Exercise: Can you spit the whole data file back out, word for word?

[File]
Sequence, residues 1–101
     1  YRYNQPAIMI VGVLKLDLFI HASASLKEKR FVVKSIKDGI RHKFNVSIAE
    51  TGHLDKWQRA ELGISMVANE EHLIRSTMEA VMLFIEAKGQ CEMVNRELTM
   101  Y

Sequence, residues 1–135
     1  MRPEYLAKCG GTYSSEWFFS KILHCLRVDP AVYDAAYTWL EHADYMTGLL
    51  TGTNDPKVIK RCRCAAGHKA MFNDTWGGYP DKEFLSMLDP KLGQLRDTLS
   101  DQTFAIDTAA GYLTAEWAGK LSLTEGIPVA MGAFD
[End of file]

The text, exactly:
Sequence, residues 1–101
     1  YRYNQPAIMI VGVLKLDLFI HASASLKEKR FVVKSIKDGI RHKFNVSIAE
    51  TGHLDKWQRA ELGISMVANE EHLIRSTMEA VMLFIEAKGQ CEMVNRELTM
   101  Y

Sequence, residues 1–135
     1  MRPEYLAKCG GTYSSEWFFS KILHCLRVDP AVYDAAYTWL EHADYMTGLL
    51  TGTNDPKVIK RCRCAAGHKA MFNDTWGGYP DKEFLSMLDP KLGQLRDTLS
   101  DQTFAIDTAA GYLTAEWAGK LSLTEGIPVA MGAFD